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How is the High End CE Industry Responding to the Economic Climate? Print E-mail
Wednesday, 02 December 2009
Article Index
How is the High End CE Industry Responding to the Economic Climate?
Bryston and THIEL Interviews
What the Future Holds

In what might be the biggest blow on the press side of the industry, Stereophile, a U.S. based audiophile print publication, watched its parent company, Source Interlink, file for bankruptcy in a bid to restructure their debt. Other magazines have lost circulation, let staff go, or have shut down completely, as is the case with a few well known European publications. Advertising revenue has been shrinking steadily, as well as attendance at high end audio trade shows.

Looking Ahead

Is it all gloom and doom? No, not really.  The high end audio industry has looked towards the future with many designers betting on the future of computer based music systems.A number of new DAC technologies have appeared, and companies like Soolos, Olive,NuForce, Sonos, and many others have brought to market audiophile grade music servers that work perfectly well with traditional high end components. At the budget end of the spectrum, Cambridge Audio’s DacMagic and and Musical Fidelity V-DAC, both under $500, have garnered universal praise for their price performance ratio.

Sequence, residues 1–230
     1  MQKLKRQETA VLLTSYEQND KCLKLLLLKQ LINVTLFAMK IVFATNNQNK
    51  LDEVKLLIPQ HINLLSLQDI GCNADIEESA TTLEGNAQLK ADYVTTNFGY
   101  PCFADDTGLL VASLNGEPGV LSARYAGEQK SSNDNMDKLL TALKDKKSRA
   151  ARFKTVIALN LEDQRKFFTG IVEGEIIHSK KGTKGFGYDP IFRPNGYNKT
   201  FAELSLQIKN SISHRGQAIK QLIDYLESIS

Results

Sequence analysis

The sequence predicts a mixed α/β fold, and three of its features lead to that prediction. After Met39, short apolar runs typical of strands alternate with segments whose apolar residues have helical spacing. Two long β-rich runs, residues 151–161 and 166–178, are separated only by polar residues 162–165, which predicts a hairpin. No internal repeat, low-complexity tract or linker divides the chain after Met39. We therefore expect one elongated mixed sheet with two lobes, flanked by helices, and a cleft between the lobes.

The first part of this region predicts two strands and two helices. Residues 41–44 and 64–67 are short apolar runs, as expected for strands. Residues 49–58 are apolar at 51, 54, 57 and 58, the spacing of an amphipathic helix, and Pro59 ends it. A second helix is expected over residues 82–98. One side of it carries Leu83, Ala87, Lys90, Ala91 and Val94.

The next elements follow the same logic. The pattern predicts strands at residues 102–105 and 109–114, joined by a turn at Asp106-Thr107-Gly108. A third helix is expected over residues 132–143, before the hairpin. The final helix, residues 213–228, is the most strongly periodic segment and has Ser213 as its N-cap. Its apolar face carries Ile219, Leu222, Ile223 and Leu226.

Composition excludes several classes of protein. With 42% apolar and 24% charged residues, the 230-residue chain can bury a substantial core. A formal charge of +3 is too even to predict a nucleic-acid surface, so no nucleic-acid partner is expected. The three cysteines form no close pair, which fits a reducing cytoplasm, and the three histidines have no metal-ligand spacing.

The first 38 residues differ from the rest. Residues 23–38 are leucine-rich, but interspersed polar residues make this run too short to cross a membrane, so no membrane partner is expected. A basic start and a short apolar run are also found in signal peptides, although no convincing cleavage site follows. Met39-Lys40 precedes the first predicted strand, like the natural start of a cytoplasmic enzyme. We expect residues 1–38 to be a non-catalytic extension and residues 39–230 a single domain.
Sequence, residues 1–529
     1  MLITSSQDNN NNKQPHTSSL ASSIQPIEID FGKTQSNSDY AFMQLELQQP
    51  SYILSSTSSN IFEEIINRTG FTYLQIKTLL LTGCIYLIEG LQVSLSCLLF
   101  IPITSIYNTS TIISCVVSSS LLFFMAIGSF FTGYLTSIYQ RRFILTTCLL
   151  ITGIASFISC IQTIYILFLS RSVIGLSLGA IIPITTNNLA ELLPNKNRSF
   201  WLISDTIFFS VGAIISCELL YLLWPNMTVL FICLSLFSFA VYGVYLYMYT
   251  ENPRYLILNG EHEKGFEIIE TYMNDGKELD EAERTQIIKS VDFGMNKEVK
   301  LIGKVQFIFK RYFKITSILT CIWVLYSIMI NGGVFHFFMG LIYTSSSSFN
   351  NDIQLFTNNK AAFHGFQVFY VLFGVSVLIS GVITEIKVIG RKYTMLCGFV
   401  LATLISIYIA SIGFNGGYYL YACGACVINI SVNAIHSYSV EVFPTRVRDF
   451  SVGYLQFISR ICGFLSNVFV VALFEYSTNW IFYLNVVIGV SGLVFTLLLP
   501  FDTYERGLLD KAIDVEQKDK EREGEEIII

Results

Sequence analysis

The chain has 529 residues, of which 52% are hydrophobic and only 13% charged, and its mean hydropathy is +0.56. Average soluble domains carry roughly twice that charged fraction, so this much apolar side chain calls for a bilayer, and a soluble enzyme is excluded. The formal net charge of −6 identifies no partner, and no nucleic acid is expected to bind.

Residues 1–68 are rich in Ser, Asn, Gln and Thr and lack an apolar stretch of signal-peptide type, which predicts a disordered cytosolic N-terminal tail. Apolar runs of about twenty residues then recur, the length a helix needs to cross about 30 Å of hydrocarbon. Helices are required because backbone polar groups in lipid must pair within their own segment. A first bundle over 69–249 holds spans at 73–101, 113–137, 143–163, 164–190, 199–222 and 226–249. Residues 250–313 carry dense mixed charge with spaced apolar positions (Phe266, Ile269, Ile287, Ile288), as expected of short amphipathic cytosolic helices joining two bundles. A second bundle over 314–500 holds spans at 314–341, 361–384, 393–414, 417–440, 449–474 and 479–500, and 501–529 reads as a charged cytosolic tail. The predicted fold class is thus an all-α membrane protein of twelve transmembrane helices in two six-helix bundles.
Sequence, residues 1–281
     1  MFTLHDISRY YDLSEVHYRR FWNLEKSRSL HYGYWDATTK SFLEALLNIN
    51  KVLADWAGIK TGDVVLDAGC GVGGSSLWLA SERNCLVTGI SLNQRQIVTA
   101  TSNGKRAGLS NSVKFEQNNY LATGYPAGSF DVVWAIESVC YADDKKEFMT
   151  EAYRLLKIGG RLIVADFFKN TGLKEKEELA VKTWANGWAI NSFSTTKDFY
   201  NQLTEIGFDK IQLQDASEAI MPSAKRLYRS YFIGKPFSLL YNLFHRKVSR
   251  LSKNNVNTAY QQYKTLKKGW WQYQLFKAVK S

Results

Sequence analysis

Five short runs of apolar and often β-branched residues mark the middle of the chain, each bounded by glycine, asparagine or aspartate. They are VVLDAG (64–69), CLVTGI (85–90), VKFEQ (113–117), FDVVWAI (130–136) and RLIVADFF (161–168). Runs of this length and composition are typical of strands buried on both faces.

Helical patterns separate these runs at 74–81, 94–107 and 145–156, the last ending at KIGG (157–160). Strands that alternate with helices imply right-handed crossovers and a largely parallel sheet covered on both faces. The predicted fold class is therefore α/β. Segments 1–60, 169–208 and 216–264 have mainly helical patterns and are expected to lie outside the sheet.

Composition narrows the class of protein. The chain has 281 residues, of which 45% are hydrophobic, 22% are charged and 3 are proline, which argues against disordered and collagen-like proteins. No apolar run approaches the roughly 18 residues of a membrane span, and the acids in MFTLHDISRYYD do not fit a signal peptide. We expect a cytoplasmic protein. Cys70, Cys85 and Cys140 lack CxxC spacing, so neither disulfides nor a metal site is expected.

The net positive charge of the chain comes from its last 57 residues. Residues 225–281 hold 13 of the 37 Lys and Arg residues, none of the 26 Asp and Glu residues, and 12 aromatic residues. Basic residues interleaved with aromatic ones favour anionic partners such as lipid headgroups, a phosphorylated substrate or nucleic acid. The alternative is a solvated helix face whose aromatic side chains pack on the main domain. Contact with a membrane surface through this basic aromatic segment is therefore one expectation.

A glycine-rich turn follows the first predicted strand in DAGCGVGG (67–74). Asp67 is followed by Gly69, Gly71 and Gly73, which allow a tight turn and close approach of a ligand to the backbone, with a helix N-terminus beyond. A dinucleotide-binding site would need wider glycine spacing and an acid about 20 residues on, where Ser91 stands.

All these products seem to be converging with the much anticipated death of physical media, with all signs pointing to high resolution downloads as the way consumers, or a at least audiophiles, will purchase music. Even the personal computer industry is positioning itself for a cash-in, with audiophile grade tweaks such as high end sound cards, high quality network connections, aftermarket power cords, silent fans, and touch screen monitors.

The irony of the situation is that, if left up to many audiophiles, the hobby would continue to shrink to prevent any watering down of the quality of product offerings, keep out the non believers, and shake out any half-hearted hobbyists.  While this may have a romantic glow to it, without revenue and customers, high end companies cannot continue to make ends meet, introduce new products, or stay in business to service legacy products. One may argue that high end audio is a luxury market and, as with all downturns, it is cyclical. However, many would agree it may never have been this bad. 

Hopefully what goes down must go back up. The consensus among industry experts is that as long as audiophiles remain passionate about excellent sound, technologies advance to become more affordable, and younger people are exposed to the hobby, it will continue to attract new interest. I for one agree.


* Special Thanks to James Tanner of Bryston and Ken Dawkins of THIEL for their insight!

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